June 22, 2015
Science Daily/University of Washington
Societal norms dictating that men should be masculine are powerful. A new study finds that men who believe they fall short of those ideals might reassert their masculinity in small but significant ways.
From the old Charles Atlas ads showing a scrawny male having sand kicked in his face to sitcom clichés of henpecked husbands, men have long faced pressure to live up to ideals of masculinity.
Societal norms dictating that men should be masculine are powerful. And new University of Washington research finds that men who believe they fall short of those ideals might be prompted to reassert their masculinity in small but significant ways.
Published last week in Social Psychology, the research sought to understand how men respond when their masculinity is threatened, and looked at two specific strategies they might employ: playing up their manliness and rejecting feminine preferences.
The study found that male college students who were given falsely low results on a handgrip strength test exaggerated their height by three-quarters of an inch on average, reported having more romantic relationships, claimed to be more aggressive and athletic, and showed less interest in stereotypically feminine consumer products.
By contrast, men who received average score results, and whose masculinity was therefore not threatened, did not exaggerate those characteristics. The findings, researchers say, underscore the pressure men feel to live up to gender stereotypes and the ways in which they might reinstate a threatened masculinity.
'We know that being seen as masculine is very important for a lot of men,' said lead author Sapna Cheryan, a UW associate professor of psychology. 'We discovered that the things that men were using to assert their masculinity were the very things that are used as signals of identity.'
The research involved male students at Stanford University, where Cheryan received her doctorate in psychology. The students were told they were participating in research on how exertion impacts decision-making and were asked to squeeze a handheld device with each hand.
Researchers marked their scores on sheets that showed bogus bell curves representing male and female results, with the female curve clearly lower than the male one. Participants were scored either in the middle of the female or the male curve, suggesting that their grip was either weak or average.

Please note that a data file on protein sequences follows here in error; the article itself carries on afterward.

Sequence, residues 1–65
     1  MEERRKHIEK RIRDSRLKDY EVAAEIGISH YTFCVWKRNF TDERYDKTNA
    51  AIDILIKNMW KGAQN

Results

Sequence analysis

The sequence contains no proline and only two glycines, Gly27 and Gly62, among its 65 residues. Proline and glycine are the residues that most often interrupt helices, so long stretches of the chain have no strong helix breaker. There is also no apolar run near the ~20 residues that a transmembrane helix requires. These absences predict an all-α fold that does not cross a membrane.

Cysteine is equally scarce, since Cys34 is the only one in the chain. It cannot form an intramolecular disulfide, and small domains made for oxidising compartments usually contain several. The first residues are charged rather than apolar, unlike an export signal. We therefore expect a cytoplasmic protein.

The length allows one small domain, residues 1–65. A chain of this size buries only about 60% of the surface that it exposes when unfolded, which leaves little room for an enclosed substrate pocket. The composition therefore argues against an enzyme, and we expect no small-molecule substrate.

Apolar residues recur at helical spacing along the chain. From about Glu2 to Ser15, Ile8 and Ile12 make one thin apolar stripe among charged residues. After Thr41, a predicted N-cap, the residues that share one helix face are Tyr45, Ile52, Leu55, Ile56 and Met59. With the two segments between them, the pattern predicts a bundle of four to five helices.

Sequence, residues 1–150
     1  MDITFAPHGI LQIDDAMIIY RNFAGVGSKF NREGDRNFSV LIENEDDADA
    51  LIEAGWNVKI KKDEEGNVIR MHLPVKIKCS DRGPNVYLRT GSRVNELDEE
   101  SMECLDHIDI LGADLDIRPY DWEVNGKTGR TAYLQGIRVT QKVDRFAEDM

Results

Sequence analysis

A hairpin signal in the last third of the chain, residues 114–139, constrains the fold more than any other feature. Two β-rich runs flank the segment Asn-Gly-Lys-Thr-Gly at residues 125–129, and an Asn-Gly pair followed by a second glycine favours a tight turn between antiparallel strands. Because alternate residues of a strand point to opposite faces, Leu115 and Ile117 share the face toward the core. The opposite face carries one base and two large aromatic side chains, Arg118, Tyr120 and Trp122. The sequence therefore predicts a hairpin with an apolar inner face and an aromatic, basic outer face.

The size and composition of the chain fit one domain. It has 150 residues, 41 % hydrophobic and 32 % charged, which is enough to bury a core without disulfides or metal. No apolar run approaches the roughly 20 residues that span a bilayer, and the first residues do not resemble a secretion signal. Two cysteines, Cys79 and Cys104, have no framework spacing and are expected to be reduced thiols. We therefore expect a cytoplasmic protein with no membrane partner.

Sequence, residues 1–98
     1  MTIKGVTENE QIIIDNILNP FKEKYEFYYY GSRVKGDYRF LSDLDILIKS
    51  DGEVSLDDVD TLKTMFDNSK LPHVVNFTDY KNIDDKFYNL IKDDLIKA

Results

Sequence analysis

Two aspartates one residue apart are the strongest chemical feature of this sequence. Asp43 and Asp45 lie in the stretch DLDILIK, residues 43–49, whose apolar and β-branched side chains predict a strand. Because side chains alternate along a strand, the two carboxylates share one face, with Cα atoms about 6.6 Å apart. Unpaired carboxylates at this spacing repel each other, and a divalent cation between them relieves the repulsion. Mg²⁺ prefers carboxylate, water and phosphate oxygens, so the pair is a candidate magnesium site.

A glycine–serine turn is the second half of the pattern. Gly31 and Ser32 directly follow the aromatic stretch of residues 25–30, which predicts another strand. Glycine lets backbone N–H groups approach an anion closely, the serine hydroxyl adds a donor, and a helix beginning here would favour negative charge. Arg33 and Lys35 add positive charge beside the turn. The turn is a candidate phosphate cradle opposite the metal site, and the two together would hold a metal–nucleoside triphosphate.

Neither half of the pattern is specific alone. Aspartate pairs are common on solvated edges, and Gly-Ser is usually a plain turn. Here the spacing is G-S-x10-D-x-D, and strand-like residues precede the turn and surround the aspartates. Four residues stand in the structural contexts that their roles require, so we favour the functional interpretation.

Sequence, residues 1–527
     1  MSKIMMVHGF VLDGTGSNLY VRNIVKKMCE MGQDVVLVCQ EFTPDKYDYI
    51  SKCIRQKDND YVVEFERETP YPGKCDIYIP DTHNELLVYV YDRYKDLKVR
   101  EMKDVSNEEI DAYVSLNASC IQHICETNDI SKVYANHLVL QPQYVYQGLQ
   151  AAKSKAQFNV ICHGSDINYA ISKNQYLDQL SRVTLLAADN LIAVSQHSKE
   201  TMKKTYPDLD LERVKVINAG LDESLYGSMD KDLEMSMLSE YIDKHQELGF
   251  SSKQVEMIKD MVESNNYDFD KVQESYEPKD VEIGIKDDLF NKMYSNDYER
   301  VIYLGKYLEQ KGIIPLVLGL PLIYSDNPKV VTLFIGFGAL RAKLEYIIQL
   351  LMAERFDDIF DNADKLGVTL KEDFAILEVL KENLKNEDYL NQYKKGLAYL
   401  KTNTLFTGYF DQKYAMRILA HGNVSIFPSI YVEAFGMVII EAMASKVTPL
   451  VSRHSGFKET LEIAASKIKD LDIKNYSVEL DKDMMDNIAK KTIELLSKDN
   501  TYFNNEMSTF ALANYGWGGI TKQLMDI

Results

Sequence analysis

They were then asked to fill out a questionnaire asking about their height, number of previous relationships, various personality traits and their interest in products that skewed male or female, along with 'distracter questions' about things like college major that were intended to allay potential suspicion about the study.
Cheryan said the consistent exaggeration about height among the group who thought they scored lower was particularly surprising.
'Height is something you think would be fixed, but how tall you say you are is malleable, at least for men,' she said.
Though the study focused exclusively on men, Cheryan noted that women also feel pressure to live up to gender ideals of femininity, such as being people-focused and nurturing. If women believe they are falling short of those expectations, Cheryan said, they might make choices with potentially negative consequences to demonstrate that they fit gender norms -- for example, avoiding classes in traditionally male fields such as science and technology.
Cheryan got the idea for the experiments from a men's fitness magazine she was reading while working out at the gym several years ago. The magazine had a feature that asked men on the street how much they could bench press and then brought them into a gym to put their statements to the test.
Most couldn't bench what they claimed they could, and that got Cheryan thinking: What would those men do, she wondered, now that their masculinity was threatened? Would they acknowledge that they weren't as strong as they perhaps thought? Try to bolster their manliness in response?
So Cheryan devised the handgrip experiment and a second one that required a male group of students to take a computer-based masculinity test with multiple-choice questions about consumer preferences and personal attributes.
In the second experiment, the participants were told the median score on the test was 72 out of 100, with 100 being 'completely masculine,' and were randomly given a score of 26 or 73. They were then asked about a range of products they could receive as compensation. As with the handgrip experiment, the participants who thought they scored lower were less interested in more feminine consumer products.
'This research shows that men are under very strong prescriptive norms to be a certain way, and they work hard to correct the image they project when their masculinity is under threat,' said co-author Benoît Monin, a professor of organizational behavior and psychology at Stanford University
The findings might seem amusing, but other studies have found that men compensate for a lack of masculinity in ways that aren't as innocuous. Men with baby faces, for example, were more likely to have assertive and hostile personalities and commit crimes than their more chiseled counterparts. Men who were told they scored low on masculinity tests were more likely to act aggressively, harass women and belittle other men.
Additionally, unemployed men were more likely to instigate violence against women, and men who were not their household's primary breadwinner were less willing to share in housework duties.
Identifying the various strategies men use when their masculinity is threatened, Cheryan said, can help with understanding male behavior in real-life situations.
'Men have a lot of power in our society, and what this study shows is that some decisions can be influenced by how they're feeling about their masculinity in the moment,' she said.